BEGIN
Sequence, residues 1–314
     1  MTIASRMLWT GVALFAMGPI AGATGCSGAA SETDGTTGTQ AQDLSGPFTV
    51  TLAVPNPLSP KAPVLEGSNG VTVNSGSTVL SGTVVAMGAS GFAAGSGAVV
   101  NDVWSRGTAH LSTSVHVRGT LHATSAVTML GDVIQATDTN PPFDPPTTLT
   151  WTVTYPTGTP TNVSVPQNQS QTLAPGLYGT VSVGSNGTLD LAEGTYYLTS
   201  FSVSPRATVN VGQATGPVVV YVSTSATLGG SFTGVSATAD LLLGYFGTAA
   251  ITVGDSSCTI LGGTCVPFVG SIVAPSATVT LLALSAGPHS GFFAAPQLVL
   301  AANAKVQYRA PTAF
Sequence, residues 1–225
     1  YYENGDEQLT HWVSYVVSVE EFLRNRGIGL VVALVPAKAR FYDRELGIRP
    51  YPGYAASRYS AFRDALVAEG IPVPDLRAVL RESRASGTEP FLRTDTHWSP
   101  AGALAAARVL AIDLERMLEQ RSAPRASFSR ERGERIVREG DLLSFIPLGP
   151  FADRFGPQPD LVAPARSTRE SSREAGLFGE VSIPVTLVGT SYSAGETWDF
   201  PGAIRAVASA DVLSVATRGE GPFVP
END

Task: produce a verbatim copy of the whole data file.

Sequence, residues 1–314
     1  MTIASRMLWT GVALFAMGPI AGATGCSGAA SETDGTTGTQ AQDLSGPFTV
    51  TLAVPNPLSP KAPVLEGSNG VTVNSGSTVL SGTVVAMGAS GFAAGSGAVV
   101  NDVWSRGTAH LSTSVHVRGT LHATSAVTML GDVIQATDTN PPFDPPTTLT
   151  WTVTYPTGTP TNVSVPQNQS QTLAPGLYGT VSVGSNGTLD LAEGTYYLTS
   201  FSVSPRATVN VGQATGPVVV YVSTSATLGG SFTGVSATAD LLLGYFGTAA
   251  ITVGDSSCTI LGGTCVPFVG SIVAPSATVT LLALSAGPHS GFFAAPQLVL
   301  AANAKVQYRA PTAF
Sequence, residues 1–225
     1  YYENGDEQLT HWVSYVVSVE EFLRNRGIGL VVALVPAKAR FYDRELGIRP
    51  YPGYAASRYS AFRDALVAEG IPVPDLRAVL RESRASGTEP FLRTDTHWSP
   101  AGALAAARVL AIDLERMLEQ RSAPRASFSR ERGERIVREG DLLSFIPLGP
   151  FADRFGPQPD LVAPARSTRE SSREAGLFGE VSIPVTLVGT SYSAGETWDF
   201  PGAIRAVASA DVLSVATRGE GPFVP